Met Office YCN Brief

For this pro­ject I set out to ex­plore dif­fer­ent modes of data vi­su­al­i­sa­tion and sci­ence com­mu­ni­ca­tion in the con­text of weather data. The UK Met Office makes the ma­jor­ity of its data pub­licly avail­able, in­clud­ing cur­rent weather ob­ser­va­tions, weather fore­casts and his­tor­i­cal records reach­ing back hun­dreds of years.

Initially I worked on a chat­bot that could serve as an in­tu­itive in­ter­face to the Met Office’s datasets. A chat­bot is a nat­ural-lan­guage in­ter­face that ex­ists within ex­ist­ing mes­sag­ing ap­pli­ca­tions such as Whatsapp, SMS or Facebook Messenger. I pro­pose this as a more per­sonal, light­weight al­ter­na­tive to tra­di­tional weather ap­pli­ca­tions.

The ro­bot is built on the Microsoft Bot Framework, which uses ma­chine learn­ing to un­der­stand nat­ural lan­guage. Location-based in­puts such as How’s the weather in Manchester” are parsed us­ing the Google Maps API be­fore the ap­pro­pri­ate weather in­for­ma­tion is re­quested from the Met Office API. The re­sult­ing data is then con­verted back into nat­ural lan­guage and pre­sented to the user. The source code is avail­able on Github.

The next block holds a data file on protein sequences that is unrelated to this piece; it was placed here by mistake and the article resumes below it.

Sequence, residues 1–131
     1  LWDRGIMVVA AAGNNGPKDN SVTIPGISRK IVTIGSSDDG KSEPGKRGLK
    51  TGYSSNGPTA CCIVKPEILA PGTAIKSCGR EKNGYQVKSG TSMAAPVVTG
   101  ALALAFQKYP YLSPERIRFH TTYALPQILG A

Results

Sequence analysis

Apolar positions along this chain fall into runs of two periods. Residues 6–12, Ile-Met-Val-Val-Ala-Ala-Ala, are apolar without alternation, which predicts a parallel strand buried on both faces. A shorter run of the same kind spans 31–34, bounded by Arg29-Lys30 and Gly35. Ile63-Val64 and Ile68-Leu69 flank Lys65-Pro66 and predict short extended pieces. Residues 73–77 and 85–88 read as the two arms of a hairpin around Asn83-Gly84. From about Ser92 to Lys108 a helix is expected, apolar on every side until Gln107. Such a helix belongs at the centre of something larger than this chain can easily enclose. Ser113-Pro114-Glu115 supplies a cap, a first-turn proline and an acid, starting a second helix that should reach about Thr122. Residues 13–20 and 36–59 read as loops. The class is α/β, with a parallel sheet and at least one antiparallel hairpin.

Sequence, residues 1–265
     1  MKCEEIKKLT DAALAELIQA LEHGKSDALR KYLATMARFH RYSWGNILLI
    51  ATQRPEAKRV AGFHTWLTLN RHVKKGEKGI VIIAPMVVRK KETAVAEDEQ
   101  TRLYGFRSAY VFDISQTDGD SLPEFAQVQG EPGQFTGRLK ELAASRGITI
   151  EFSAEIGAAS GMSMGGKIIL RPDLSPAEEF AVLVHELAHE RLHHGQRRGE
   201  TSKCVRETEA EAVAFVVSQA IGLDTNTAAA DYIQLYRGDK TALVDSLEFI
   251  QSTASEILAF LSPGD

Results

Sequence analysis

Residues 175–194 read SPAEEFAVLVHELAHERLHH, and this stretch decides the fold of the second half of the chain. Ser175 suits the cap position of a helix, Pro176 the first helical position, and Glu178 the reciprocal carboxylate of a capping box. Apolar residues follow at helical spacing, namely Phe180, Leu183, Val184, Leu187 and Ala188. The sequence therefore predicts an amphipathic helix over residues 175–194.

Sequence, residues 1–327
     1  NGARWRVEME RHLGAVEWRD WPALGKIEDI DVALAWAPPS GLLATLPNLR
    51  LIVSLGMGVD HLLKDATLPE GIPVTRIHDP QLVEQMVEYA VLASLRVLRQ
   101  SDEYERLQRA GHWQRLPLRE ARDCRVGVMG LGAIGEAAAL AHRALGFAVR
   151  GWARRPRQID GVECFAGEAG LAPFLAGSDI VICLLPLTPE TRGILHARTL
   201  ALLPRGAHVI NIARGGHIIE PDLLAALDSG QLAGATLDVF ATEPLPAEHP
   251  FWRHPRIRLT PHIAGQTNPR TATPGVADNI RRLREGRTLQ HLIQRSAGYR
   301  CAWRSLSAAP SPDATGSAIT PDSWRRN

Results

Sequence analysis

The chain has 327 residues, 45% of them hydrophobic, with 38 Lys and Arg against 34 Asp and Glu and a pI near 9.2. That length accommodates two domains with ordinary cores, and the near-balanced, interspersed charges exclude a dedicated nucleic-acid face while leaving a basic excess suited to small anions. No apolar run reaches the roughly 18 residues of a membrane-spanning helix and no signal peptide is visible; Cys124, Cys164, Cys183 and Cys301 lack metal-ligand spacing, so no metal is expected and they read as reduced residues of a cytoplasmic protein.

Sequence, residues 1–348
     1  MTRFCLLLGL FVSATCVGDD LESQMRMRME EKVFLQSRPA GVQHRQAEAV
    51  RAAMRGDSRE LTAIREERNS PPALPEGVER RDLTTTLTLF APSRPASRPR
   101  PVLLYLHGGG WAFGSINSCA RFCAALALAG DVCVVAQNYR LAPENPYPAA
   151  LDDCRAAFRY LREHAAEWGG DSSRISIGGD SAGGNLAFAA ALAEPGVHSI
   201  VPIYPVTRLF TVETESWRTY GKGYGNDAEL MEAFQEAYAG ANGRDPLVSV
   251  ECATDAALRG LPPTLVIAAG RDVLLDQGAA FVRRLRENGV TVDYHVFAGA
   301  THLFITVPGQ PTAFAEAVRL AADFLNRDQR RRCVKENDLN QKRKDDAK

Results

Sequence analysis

Next, I fo­cused on a dataset con­tain­ing his­tor­i­cal weather ob­ser­va­tions go­ing back as far as 1853. I made a se­ries of at­tempts to vi­su­alise the roughly 50.000 data points it con­tains.

Eventually I found a suc­cess­ful way to show av­er­age tem­per­a­tures as colours on a spec­trum. This was the first ap­proach I dis­cov­ered that made global warm­ing eas­ily vis­i­ble.

All vi­su­al­i­sa­tions were built us­ing d3.js. The source code is avail­able on Github.

I have some thoughts on de­sign com­pe­ti­tions.